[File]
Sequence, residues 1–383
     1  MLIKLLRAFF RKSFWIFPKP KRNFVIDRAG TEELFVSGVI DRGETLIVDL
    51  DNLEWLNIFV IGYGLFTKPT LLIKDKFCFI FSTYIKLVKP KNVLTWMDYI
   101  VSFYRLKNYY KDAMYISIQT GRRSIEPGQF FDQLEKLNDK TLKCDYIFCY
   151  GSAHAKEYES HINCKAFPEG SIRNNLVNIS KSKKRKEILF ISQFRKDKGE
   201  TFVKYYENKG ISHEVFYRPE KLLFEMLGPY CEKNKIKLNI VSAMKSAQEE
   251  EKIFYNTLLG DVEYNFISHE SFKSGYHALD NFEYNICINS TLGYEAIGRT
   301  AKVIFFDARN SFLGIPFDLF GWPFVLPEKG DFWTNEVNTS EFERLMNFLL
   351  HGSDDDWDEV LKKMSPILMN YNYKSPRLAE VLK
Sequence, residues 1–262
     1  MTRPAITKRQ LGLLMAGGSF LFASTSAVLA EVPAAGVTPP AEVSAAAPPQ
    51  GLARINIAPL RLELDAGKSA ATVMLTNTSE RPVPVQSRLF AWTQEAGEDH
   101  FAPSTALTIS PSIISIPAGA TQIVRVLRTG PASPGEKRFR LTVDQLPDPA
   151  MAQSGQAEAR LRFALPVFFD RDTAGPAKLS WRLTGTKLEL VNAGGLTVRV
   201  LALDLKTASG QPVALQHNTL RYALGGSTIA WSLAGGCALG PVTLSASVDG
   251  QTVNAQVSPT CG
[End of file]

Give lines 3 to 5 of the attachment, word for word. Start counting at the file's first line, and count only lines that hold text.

    51  DNLEWLNIFV IGYGLFTKPT LLIKDKFCFI FSTYIKLVKP KNVLTWMDYI
   101  VSFYRLKNYY KDAMYISIQT GRRSIEPGQF FDQLEKLNDK TLKCDYIFCY
   151  GSAHAKEYES HINCKAFPEG SIRNNLVNIS KSKKRKEILF ISQFRKDKGE